View Full DescriptionThe estimated or predicted values in a regression or other predictive model are termed the y-hat values. "Y" because y is the outcome or dependent variable in the model equation, and a "hat" symbol (circumflex) placed over the variable name is the statistical designation of an estimated value.

View Full DescriptionAzure is the Microsoft Cloud Computing Platform and Services. ML stands for Machine Learning, and is one of the services. Like other cloud computing services, you purchase it on a metered basis - as of 2015, there was a per-prediction charge, and a compute time charge. As of October 2015,...

View Full DescriptionStatistical Glossary Additive Error: Categorical variables are non-numeric "category" variables, e.g. color. Ordered categorical variables are category variables that have a quantitative dimension that can be ordered but is not on a regular scale. Doctors rate pain on a scale of 1 to 10 - a "2" has no particular...

View Full DescriptionStatistical Glossary Additive Error: Bimodal literally means "two modes" and is typically used to describe distributions of values that have two centers. For example, the distribution of heights in a sample of adults might have two peaks, one for women and one for men. Browse Other Glossary Entries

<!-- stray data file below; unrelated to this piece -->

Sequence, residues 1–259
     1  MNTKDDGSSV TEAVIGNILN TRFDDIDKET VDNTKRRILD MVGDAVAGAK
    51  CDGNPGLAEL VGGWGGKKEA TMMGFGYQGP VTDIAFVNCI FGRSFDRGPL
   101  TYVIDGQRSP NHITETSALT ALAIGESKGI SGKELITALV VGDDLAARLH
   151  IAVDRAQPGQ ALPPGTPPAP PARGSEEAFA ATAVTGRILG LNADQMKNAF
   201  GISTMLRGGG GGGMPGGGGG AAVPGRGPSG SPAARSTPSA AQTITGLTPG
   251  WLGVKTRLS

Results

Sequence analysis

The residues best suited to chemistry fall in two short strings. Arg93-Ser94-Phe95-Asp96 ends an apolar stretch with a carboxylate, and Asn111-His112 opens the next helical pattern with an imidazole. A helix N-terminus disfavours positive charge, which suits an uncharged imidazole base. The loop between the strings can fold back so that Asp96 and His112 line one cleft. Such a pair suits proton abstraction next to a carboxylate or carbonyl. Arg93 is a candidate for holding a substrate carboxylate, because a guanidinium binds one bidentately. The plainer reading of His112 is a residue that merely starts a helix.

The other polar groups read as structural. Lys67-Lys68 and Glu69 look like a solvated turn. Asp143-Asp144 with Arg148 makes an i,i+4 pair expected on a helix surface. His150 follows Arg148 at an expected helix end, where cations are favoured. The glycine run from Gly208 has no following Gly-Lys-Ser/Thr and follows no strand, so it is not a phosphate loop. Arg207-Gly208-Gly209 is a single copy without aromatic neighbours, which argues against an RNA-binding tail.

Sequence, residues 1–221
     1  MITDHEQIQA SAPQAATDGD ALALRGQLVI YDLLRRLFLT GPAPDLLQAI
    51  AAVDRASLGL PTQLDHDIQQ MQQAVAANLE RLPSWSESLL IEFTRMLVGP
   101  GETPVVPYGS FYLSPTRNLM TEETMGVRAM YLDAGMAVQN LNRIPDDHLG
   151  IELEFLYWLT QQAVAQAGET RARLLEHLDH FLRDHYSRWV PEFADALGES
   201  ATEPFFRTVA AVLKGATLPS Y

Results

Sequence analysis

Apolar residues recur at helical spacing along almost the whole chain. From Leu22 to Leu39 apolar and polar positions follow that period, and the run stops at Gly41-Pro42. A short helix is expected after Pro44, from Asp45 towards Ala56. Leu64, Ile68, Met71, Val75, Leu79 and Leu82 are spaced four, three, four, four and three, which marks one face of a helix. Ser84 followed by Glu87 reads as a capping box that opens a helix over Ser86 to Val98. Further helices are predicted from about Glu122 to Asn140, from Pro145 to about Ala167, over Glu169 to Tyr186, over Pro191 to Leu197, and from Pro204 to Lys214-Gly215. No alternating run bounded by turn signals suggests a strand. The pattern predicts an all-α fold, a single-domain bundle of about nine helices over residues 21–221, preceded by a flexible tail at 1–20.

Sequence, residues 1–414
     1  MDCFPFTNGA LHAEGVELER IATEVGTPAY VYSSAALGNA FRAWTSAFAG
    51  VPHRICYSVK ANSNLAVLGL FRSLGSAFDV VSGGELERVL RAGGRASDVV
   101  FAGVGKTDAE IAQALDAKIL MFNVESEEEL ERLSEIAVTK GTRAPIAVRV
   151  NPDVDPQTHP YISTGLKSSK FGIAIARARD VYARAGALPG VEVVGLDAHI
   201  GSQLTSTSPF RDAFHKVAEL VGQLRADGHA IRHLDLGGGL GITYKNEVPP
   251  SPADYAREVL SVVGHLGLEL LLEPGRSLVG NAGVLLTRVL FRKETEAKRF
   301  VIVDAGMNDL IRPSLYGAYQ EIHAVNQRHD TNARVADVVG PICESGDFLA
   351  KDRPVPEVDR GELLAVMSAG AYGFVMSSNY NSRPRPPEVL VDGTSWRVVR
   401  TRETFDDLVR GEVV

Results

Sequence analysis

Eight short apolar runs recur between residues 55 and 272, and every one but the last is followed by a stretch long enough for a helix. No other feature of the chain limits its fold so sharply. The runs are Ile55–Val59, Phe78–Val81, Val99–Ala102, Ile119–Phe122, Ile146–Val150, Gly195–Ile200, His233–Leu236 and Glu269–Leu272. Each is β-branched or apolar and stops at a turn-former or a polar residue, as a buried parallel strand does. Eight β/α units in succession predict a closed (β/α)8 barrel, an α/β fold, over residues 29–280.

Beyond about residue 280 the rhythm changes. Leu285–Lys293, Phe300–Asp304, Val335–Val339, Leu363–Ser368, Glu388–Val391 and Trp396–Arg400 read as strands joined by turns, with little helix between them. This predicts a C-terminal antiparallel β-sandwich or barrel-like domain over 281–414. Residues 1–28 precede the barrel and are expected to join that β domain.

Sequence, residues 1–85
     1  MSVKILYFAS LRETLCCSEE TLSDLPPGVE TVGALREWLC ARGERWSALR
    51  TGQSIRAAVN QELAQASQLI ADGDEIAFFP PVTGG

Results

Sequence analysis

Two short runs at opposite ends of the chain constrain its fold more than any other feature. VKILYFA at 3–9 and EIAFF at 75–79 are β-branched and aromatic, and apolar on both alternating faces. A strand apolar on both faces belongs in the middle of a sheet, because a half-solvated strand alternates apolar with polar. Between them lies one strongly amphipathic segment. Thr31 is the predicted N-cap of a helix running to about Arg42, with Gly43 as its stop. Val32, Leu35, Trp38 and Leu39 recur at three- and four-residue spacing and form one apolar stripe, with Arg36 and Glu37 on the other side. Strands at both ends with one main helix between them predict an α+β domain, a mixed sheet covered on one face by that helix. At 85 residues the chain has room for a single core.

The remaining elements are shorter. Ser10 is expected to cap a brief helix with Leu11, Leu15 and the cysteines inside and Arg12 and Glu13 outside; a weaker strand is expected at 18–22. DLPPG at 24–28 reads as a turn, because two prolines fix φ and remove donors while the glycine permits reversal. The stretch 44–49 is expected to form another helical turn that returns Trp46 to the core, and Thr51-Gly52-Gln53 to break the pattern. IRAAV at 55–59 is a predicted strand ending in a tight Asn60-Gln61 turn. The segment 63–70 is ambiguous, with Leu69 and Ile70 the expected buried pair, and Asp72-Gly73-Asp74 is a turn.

View Full DescriptionStatistical Glossary HDFS: HDFS is the Hadoop Distributed File System. It is designed to accommodate parallel processing on clusters of commodity hardware, and to be fault tolerant. Browse Other Glossary Entries

View Full DescriptionNetflix Prize: The Netflix prize was a famous early application of crowdsourcing to predictive modeling. In 2006, Netflix published customer movie rating data and challenged analysts to come up with a predictive model that would improve Netflix's prediction of what your rating would be for a given movie. Various individuals...

View Full DescriptionPrediction vs. Explanation: With the advent of Big Data and data mining, statistical methods like regression and CART have been repurposed to use as tools in predictive modeling. When statistical models are used as a tool of research, the goal is to explain relationships in a dataset, and make inference...